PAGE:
Intel and the Internet of Things

By Carl Ford November 21, 2012

I know the stock market is supposedly efficient, but sometimes the knee jerks make me wonder. Intel’s quarterly report was a sea of red oceans with a lot of “flat” growth and revised expectations. Jim Cramer on CNBC recently spoke of the issues between Apple and Intel. Intel’s Infineon acquisition seems to have done little good in bringing the company into the ARMed camp of chip makers.

Yet, Intel does something that very few companies in wireless do. They support their partners! 

Remember “Intel Inside?” 

Now if you go to Intel’s website “Inspired by Intel” it shows a host of ultrabooks positioned to regain the tablet market.

Now let’s look at the mobile landscape. We can make the case that Google with Android, has taken the partner role, but Google does not support its partners in the same way. 

I can hear my friends claim foul, because there is a big difference between software support and hardware support (even though Steve and Woz would differ). But fundamentally this is about gathering resources and delivering on economies of scale; which brings us to why I brought up Intel in my M2M article in the first place.

Intel is gathering resources in the M2M space in a lot of interesting solutions. The company’s traditional partners like Acer, Asus, Dell, HP, Lenovo, etc. are not there yet. And clearly they are also having a hard time in the stock market.

However, Intel is solidifying interesting partnerships with companies like Cinterion, Eurotech and Kontron. Now the Intel Intelligence Systems Alliance does not make the “bum (pause) bum bum bum” sound in your ear, and these are not household names. To the stock market, these inroads into M2M are not going to turn the tables immediately. However, we are talking about the Internet of Things and that is a much larger market than PCs and smartphones. 

One other cause for speculation, with Otellini’s retirement, I am not sure this is a simple executive search, I would not be surprised to discover that they look to hire away a Qualcomm executive or perhaps find an acquisition leader. This probably means a right sizing of the company as well.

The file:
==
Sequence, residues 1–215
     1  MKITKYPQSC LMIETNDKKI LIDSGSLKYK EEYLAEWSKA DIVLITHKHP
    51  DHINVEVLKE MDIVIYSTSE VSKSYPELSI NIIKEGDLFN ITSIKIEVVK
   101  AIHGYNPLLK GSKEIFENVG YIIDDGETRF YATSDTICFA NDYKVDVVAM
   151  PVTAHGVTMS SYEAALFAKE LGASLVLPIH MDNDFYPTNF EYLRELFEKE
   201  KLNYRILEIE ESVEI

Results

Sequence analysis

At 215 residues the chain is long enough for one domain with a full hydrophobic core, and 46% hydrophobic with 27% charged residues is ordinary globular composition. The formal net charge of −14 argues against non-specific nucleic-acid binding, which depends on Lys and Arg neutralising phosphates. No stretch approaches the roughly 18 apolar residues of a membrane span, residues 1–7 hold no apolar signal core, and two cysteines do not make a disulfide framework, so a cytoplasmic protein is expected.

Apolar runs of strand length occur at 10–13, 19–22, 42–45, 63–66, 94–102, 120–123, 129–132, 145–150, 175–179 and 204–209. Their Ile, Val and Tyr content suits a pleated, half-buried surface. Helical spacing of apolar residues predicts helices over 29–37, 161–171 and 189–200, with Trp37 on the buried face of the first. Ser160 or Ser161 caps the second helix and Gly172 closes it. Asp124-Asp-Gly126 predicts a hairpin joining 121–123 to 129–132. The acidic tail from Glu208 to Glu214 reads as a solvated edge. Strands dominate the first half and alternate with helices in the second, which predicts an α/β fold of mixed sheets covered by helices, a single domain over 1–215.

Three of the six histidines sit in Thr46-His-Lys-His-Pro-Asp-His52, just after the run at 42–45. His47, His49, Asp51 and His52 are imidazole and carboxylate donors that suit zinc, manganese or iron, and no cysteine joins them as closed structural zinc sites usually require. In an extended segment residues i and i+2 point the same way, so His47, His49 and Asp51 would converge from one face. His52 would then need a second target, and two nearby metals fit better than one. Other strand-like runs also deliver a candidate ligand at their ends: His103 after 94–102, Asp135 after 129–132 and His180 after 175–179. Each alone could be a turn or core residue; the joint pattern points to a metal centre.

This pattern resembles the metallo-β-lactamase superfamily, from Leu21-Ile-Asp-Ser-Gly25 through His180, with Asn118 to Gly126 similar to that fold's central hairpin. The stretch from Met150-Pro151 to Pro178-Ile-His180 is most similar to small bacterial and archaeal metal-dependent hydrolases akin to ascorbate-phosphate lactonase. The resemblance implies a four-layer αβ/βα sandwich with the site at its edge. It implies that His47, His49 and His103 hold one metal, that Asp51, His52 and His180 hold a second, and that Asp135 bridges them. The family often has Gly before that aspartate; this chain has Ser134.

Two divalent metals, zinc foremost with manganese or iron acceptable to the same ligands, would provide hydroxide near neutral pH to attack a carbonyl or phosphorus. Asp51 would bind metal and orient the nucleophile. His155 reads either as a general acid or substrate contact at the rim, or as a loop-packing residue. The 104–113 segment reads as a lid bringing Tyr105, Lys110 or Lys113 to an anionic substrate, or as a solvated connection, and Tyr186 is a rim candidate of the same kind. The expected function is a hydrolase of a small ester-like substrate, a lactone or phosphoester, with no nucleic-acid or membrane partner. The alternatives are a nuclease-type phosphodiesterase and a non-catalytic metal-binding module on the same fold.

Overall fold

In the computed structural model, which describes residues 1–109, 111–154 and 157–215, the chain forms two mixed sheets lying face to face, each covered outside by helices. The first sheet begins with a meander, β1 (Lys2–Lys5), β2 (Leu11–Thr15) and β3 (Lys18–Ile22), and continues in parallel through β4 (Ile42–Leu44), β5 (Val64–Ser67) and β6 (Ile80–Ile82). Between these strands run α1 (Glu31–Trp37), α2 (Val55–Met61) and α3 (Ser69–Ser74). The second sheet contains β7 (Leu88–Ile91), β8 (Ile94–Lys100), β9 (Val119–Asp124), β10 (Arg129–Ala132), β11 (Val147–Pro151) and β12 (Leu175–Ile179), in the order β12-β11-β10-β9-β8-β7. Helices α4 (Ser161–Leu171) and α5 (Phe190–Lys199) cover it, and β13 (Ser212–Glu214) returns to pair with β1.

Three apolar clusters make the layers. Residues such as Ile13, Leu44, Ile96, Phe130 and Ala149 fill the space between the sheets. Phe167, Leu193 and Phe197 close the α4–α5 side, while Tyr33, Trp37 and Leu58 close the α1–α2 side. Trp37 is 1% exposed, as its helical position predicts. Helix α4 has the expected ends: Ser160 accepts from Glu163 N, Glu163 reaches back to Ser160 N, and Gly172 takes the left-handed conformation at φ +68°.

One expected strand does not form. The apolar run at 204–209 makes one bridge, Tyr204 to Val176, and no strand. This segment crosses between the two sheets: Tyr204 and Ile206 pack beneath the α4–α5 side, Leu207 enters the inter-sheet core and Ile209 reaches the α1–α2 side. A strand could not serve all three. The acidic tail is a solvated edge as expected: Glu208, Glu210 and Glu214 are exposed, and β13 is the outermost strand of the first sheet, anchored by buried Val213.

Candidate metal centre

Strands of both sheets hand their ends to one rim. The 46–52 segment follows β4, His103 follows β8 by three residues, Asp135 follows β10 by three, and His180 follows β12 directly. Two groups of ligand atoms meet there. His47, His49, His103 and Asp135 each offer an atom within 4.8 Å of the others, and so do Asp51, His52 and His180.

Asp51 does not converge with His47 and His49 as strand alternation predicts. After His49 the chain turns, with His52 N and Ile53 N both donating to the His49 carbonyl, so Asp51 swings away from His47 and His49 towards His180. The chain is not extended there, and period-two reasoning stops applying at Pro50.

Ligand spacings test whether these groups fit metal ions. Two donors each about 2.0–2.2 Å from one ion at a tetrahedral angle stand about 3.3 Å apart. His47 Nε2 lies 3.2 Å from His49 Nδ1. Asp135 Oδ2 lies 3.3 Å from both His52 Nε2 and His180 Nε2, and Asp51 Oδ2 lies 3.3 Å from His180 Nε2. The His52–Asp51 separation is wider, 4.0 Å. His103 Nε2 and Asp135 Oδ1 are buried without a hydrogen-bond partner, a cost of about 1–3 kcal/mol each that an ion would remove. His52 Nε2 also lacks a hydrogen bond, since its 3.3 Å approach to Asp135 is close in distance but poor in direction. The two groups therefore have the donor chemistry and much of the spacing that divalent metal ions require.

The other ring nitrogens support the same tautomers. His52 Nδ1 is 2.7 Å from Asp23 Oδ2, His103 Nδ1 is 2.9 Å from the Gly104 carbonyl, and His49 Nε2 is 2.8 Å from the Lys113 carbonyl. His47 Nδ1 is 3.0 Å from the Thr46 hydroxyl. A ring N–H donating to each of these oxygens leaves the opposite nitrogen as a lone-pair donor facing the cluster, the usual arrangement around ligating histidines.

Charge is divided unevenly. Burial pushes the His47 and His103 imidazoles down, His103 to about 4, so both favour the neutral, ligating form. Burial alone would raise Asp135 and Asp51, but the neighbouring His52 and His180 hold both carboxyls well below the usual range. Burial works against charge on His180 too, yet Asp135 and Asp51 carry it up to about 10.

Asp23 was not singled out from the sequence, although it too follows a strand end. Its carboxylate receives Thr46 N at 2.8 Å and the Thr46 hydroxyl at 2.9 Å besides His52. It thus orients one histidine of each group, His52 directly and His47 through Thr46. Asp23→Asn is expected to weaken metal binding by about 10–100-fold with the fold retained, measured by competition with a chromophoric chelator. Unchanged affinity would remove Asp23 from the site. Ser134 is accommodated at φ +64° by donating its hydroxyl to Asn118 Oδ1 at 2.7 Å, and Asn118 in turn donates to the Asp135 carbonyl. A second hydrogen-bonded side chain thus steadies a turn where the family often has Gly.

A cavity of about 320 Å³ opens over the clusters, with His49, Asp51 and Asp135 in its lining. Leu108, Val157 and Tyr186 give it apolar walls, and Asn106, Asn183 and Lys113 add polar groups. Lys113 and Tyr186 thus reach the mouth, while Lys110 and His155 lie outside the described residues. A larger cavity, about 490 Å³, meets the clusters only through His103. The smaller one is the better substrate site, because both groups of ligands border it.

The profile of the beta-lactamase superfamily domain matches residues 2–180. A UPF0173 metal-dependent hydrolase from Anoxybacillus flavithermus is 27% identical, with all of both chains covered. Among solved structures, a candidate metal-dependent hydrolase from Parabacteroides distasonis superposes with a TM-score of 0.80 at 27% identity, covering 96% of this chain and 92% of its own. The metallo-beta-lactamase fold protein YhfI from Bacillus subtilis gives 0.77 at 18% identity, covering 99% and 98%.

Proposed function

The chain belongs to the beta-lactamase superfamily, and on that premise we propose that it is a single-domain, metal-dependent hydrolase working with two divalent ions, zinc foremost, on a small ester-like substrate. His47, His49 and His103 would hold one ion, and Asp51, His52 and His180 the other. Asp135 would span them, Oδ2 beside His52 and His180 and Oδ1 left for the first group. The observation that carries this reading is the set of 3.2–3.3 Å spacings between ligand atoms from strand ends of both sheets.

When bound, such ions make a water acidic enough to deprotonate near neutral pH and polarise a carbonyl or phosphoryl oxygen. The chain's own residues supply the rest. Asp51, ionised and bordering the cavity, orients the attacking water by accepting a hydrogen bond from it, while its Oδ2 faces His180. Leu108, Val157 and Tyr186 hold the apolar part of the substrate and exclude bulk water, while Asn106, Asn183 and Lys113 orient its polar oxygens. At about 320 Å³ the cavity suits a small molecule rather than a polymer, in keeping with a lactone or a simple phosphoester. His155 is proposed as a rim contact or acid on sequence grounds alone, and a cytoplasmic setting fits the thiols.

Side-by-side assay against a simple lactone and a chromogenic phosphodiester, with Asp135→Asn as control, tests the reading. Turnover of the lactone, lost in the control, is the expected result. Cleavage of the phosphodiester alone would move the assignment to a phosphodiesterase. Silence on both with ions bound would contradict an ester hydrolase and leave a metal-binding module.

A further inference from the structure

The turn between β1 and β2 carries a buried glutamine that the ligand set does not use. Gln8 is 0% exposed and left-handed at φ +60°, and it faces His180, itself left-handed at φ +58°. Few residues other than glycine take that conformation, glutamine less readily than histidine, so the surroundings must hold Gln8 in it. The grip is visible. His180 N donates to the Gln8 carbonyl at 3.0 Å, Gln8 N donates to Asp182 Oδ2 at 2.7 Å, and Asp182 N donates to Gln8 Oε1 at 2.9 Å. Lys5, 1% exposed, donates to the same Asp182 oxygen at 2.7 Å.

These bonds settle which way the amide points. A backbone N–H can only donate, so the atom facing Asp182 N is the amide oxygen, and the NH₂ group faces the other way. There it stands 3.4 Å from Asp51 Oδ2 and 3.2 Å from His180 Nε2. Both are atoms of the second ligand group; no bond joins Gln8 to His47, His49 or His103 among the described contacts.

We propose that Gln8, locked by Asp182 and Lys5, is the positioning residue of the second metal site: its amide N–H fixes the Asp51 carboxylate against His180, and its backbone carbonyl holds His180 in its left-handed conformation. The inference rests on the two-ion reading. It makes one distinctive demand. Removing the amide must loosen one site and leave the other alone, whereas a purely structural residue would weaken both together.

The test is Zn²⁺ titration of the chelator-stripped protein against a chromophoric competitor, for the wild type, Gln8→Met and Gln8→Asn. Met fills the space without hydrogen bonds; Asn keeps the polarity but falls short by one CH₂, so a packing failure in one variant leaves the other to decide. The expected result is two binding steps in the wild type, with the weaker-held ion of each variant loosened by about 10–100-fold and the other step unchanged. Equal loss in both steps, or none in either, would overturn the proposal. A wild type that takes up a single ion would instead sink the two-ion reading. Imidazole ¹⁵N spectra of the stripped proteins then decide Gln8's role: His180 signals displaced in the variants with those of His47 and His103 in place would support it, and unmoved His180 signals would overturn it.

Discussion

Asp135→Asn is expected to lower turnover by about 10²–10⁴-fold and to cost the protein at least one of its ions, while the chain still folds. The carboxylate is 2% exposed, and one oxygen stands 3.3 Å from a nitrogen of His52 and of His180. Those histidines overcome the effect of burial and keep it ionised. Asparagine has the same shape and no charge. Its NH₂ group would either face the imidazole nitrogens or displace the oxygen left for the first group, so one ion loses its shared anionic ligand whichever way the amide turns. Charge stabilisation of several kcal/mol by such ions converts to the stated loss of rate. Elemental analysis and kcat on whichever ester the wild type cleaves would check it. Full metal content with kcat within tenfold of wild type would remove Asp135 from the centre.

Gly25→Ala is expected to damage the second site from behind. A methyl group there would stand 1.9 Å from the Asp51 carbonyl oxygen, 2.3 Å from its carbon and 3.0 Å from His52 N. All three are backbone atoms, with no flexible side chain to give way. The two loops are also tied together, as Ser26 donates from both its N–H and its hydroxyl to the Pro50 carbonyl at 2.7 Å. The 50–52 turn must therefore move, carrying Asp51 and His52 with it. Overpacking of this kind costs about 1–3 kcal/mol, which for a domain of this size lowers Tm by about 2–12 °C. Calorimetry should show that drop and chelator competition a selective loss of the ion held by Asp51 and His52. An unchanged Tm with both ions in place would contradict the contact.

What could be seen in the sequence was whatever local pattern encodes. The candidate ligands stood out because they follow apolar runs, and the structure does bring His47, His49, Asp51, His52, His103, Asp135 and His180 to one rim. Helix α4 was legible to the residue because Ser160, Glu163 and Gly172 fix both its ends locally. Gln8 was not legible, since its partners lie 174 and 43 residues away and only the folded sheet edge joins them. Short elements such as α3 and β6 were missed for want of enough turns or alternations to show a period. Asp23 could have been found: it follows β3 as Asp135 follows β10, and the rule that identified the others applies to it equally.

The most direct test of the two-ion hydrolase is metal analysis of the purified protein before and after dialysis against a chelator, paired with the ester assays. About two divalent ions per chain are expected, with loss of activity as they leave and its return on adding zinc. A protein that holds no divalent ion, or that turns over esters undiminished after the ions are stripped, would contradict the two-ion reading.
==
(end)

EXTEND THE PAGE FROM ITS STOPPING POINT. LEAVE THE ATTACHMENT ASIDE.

Bottom line, Intel is not unaware of its issues, and we should expect to see it take the right steps to regain relevance.

Edited by Stefanie Mosca

Partner, Crossfire Media

Related Articles

u-blox to Support Verizon LTE Cat M1 by End of 2016

By: Ken Briodagh    10/20/2016

In a new release, u-blox, a leader in wireless and positioning modules and chips, announced plans to launch a module supporting Verizon's Category M1 …

Read More

Qualcomm Appoints Alex Rogers as EVP and President of QTL

By: Ken Briodagh    10/19/2016

Qualcomm Incorporated has announced its promotion of Alex Rogers to Executive Vice President (EVP) and President of Qualcomm Technology Licensing (QTL…

Read More

Qualcomm Announces Broad Ecosystem Adoption of LTE M1/NB-1 Modem for IoT

By: Ken Briodagh    10/19/2016

Qualcomm has announced that its LTE Cat M1 and NB-1 modem has scored some big design wins among the IoT's leading module OEMs. These designs are an ad…

Read More

Nokia Brings Virtual Network Management to Small Mobile Networks

By: Ken Briodagh    10/12/2016

Nokia has now announced that it is activating an advanced virtualized mobile network management system ideally suited for the IoT, called Nokia NetAct…

Read More

Faraday Offers PowerSlash on UMC Ultra-Low-Power IoT Platform

By: Ken Briodagh    10/12/2016

Faraday Technology Corporation, an ASIC design service and IP provider, and United Microelectronics Corporation (UMC), a semiconductor foundry, have r…

Read More